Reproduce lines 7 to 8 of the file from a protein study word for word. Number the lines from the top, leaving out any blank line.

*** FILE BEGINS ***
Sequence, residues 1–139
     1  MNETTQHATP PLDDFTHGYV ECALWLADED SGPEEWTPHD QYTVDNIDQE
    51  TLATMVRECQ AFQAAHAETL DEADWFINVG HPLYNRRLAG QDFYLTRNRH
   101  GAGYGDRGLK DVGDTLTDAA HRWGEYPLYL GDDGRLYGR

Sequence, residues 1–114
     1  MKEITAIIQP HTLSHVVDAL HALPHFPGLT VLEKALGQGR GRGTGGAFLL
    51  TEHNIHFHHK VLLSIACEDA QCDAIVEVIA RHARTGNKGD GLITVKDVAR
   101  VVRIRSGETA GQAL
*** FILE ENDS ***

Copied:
    51  TEHNIHFHHK VLLSIACEDA QCDAIVEVIA RHARTGNKGD GLITVKDVAR
   101  VVRIRSGETA GQAL